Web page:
Teachers and their professional boundaries #safeguarding

I once saw a quote on Twitter saying that “teachers should be pupils friends” I couldn’t disagree more. There is a huge difference between being a friend and being friendly. We wouldn’t phone pupils up and tell them how bad a day we had.
Boundaries can get blurred and if you have a moment of doubt……..think, what would others think if they walked in right now? Or overheard what you where saying. Once the first boundary gets blurred, the next can get blurred very quickly especially if your life is particularly difficult or challenging at that moment in time. I am trying not to patronise you, especially when many teachers have a wealth of experience but more cases are being brought our attention either through the media or our own experience, have been teachers with good reputations, just because they did something when they were at their most vulnerable and because previous boundaries had been blurred. There are obviously plenty of other cases that staff have not even considered boundaries and have broken the law on purpose but this blog isn’t focused on these cases. This blog is focused on those that over step the mark with good intentions but are acting so wrong it’s scarey that they don’t realise it.

Many schools code of conduct clearly states that there should be no social contact outside of school with pupils or ex pupils of two yrs or below, and neither should there be via social media. Obviously there are exceptions to this, ie offspring, possible babysitters if they have been a family friend for ever etc, but to cover staff I always ask them to send me an email stating what contact they have made and checking that all parties are involved.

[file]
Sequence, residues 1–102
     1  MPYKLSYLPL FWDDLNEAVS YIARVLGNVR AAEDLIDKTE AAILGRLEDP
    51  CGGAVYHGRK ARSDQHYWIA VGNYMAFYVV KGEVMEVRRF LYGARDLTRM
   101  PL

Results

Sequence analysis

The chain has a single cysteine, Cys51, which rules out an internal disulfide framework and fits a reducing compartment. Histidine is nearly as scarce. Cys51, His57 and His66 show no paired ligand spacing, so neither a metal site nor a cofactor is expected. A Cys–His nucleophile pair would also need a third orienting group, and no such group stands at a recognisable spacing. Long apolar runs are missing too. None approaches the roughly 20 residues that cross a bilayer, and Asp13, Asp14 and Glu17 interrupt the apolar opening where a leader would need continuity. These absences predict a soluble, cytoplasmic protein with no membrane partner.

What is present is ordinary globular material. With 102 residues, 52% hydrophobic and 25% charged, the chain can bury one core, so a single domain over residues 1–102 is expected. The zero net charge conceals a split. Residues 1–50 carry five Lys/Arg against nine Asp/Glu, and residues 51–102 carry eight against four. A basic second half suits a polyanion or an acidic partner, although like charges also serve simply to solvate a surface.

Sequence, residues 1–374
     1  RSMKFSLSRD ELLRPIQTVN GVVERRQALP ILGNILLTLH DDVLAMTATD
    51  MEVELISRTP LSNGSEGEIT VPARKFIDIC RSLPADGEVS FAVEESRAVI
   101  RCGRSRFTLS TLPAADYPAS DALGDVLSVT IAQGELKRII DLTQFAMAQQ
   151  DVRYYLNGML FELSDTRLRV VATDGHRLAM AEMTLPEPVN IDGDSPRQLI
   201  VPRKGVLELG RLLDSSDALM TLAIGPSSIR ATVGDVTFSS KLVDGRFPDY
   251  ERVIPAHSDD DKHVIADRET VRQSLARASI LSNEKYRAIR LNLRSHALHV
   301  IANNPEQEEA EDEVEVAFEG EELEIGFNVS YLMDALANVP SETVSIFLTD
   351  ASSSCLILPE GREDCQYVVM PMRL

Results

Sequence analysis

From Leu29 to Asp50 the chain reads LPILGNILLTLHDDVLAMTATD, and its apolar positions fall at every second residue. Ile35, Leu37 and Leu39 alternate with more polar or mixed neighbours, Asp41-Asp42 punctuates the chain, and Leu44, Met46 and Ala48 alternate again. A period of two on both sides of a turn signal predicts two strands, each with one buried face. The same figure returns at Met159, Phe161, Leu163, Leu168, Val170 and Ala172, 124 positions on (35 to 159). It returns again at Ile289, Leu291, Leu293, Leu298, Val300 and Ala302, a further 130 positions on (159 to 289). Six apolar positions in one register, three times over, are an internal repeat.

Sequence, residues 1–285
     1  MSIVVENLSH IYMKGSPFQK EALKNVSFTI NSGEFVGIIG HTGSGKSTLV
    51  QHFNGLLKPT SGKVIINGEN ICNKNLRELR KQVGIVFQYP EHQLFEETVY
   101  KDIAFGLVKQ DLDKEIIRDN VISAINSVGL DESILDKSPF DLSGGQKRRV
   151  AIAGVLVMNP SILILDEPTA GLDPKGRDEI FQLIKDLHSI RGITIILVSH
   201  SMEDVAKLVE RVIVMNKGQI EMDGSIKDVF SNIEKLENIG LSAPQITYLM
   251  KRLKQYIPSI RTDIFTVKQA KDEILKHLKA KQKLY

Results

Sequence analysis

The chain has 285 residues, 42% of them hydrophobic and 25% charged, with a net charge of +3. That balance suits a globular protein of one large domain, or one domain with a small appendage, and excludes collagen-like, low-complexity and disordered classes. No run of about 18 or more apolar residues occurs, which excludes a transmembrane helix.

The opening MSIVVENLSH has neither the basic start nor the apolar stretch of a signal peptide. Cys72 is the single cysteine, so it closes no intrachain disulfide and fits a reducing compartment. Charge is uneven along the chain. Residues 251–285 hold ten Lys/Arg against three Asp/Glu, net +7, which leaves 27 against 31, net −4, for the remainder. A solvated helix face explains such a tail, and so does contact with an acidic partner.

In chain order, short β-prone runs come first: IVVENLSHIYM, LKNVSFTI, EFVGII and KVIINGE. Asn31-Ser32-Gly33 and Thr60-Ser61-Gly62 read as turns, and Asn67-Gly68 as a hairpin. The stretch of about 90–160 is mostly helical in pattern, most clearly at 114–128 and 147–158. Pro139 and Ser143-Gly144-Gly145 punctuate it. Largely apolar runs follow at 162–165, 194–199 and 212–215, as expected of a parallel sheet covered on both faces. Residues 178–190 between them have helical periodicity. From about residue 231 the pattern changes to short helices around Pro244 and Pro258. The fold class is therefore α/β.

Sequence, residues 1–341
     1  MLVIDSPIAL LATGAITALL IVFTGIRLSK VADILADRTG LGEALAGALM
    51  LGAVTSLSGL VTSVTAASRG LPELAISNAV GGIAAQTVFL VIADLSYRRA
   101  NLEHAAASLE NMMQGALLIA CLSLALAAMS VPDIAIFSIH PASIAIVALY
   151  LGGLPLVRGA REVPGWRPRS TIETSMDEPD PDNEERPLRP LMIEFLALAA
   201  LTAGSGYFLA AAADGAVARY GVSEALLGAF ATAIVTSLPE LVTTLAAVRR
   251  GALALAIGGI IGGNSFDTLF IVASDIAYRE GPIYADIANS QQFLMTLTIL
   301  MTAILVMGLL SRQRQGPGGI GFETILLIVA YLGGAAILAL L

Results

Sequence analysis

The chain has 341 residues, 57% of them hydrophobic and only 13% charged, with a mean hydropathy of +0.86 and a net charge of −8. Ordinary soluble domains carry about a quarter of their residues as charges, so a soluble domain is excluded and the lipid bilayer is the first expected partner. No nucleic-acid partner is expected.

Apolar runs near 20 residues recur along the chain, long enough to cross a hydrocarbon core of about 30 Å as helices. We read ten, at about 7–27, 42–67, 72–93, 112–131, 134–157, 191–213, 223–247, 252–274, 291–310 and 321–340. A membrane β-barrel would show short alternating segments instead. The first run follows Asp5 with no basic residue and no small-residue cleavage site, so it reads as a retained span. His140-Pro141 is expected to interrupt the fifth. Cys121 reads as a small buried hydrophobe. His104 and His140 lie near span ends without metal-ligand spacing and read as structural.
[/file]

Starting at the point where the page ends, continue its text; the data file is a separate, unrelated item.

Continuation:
This blog was based on information from the Annual safeguarding meeting in July. They were quick to point out that of the recent 21 cases in my area that have been proved in court only one didn’t have a DBS, so we can’t rely on these checks. This leads me to communication, if everything is open and honest then there should be no problems. And although I hate the word whistleblowing, it is staff responsibility that they report anything that they may have concerns about, even if they are our colleges. Do not presume that others have done it or that it is acceptable behaviour because “that’s the way it / they has always been” Openness and honesty is paramount. My photo of the Little dragon fly with his beady eyes everywhere is a great example of how staff need to be. This has been documented and stressed several times in schools Safeguarding policy and the KCSIE 2015 that came out in Sept.

Awareness of safeguarding is important, constantly reviewing your workplace and your behaviour. This helps with the boundaries and makes you hopefully view situations in other people’s eyes. My staff now have to bring up safeguarding every term and examples that Heads of departments have fed back to me include  putting little windows in all individual music rooms, meeting pupils in open spaces and asking bus drivers to be CP trained. For inspection purposes safeguarding is getting tighter and tighter and although many schools are lovely and everyone knows everyone, this won’t wash, so these points have to be considered and not just by the DSL, it’s everyone responsibility and at all times

And finally as a wise friend once said,” if the Sun can make a headline out of it, stop doing it.”

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Assistant Head ( DSL) at a boarding school. Interested in all PSHE and safeguarding topics.

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